The IU School of Medicine Department of Surgery offers a one-year Hepato-Pancreato-Biliary (HPB) Fellowship. This transition-to-practice program provides the most robust HPB operative experience available in North America and emphasizes preoperative, operative and postoperative care—for a broad range of patients with benign and malignant HPB disorders. Trainees learn minimally invasive and robotic techniques, and multidisciplinary patient management is a key principle of the IU School of Medicine training approach.
Under the direction of Nick Zyromski, MD and Eugene Ceppa, MD, HPB fellows develop the essential knowledge and skills needed for the diagnosis, operative care and postoperative management of patients with hepato-pancreato-biliary conditions. This fellowship program is based at IU Health University Hospital in downtown Indianapolis.
Throughout this program, HPB fellows perform an array of complex operative procedures, including surgery of the gallbladder and bile ducts, liver, pancreas and duodenum. Fellows support and execute preoperative preparation as well as postoperative management and follow-up for each patient—all while demonstrating maturity, superior professional judgment and interpersonal skills with patients, family members and other medical personnel.
In addition, fellows in the Hepato-Pancreato-Biliary Fellowship program supervise PGY1, 2 and 4 residents in the day-to-day execution of the care plan; educate medical students in basic surgical diseases, surgical biology and the conduct or pre, intra and postoperative care of HPB patients; function as an educator for surgical house staff; function as an administrator of the junior and senior resident staff; and take home call.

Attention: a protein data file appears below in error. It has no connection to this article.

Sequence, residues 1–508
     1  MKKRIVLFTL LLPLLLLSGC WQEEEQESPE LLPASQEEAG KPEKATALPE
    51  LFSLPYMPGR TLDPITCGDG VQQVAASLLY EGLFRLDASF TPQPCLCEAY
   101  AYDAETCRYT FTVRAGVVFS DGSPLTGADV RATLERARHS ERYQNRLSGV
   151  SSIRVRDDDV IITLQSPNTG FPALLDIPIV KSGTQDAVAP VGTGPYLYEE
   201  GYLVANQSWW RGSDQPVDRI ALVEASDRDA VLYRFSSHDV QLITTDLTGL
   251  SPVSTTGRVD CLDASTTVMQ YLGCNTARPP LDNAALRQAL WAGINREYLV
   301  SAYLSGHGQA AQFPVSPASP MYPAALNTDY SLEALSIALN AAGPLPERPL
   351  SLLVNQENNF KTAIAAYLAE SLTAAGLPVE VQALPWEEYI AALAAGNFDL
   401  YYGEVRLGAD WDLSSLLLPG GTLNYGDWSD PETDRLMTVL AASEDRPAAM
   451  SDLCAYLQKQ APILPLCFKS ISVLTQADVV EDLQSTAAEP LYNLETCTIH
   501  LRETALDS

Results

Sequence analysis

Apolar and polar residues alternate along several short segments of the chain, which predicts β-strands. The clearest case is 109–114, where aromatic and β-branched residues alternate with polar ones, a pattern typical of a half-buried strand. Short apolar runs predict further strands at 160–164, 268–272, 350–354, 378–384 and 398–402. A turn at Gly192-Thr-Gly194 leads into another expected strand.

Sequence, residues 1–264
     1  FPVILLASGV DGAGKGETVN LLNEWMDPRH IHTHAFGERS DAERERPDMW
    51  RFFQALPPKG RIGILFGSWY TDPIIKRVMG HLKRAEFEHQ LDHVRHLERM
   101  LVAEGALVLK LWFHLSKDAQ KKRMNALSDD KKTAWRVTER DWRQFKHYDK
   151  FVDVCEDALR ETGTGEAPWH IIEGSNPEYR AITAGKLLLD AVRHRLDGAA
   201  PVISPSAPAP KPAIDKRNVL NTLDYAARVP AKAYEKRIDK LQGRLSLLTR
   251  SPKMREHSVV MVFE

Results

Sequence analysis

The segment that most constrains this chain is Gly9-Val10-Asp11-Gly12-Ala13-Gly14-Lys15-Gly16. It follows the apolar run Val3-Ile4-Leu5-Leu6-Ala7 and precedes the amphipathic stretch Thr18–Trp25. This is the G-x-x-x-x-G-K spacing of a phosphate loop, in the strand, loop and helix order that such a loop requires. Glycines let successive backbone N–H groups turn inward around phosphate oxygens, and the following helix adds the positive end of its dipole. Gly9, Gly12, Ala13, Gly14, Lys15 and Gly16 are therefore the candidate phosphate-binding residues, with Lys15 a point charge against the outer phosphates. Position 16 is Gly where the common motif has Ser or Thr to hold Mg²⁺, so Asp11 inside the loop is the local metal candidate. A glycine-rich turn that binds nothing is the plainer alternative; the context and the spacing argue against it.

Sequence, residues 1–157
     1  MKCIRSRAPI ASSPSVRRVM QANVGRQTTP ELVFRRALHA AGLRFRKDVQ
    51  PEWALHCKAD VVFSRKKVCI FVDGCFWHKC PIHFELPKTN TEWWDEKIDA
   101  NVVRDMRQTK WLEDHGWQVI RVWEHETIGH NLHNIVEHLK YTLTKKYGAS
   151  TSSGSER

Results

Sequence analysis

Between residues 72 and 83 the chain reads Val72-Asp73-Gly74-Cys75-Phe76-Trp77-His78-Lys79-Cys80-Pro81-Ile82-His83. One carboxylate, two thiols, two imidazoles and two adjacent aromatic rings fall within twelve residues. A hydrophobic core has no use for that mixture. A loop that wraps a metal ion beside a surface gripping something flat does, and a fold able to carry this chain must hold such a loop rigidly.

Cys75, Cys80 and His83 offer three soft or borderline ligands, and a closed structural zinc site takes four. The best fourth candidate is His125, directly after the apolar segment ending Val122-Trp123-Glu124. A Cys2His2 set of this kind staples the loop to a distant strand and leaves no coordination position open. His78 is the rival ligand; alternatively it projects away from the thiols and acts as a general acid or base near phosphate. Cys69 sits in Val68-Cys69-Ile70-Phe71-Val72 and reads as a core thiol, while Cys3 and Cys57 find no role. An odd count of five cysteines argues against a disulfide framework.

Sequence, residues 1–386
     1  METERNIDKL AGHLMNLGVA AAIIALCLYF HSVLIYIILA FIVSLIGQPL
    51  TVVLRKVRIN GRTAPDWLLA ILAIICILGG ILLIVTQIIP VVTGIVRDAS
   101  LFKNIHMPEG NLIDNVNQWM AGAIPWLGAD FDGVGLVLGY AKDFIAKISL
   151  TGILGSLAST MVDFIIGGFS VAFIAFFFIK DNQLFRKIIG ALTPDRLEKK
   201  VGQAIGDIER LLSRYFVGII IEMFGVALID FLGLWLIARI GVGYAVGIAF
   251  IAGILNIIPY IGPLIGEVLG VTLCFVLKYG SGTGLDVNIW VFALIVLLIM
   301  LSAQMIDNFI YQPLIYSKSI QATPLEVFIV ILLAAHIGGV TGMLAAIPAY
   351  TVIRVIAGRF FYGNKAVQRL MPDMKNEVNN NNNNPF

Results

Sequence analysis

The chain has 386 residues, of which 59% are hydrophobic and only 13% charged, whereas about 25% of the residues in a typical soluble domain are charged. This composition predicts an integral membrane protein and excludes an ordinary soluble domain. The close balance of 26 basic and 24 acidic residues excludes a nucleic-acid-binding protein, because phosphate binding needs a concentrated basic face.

Fellows in this program participate in a series of conferences each week, including the GI Surgery Conference, Pancreatic Cancer Multidisciplinary Conference, Morbidity and Mortality Conference, Grand Rounds, HPB Fellows Conference, Endoscopic Retrograde Cholangiopancreatography (ERCP) Conference, and the Liver Tumor Conference. Fellows also organize a weekly M&M report, in conjunction with PGY 4 residents; provide a formal educational forum for medical students and junior staff at least once per week; organize an HPB Journal Club every six weeks; and complete evaluation forms quarterly and for documents requested at the conclusion of each resident rotation.
For HPB Surgery Fellows who desire further training in ERCP, liver transplantation, clinical or basic science research, a second year of training can be arranged.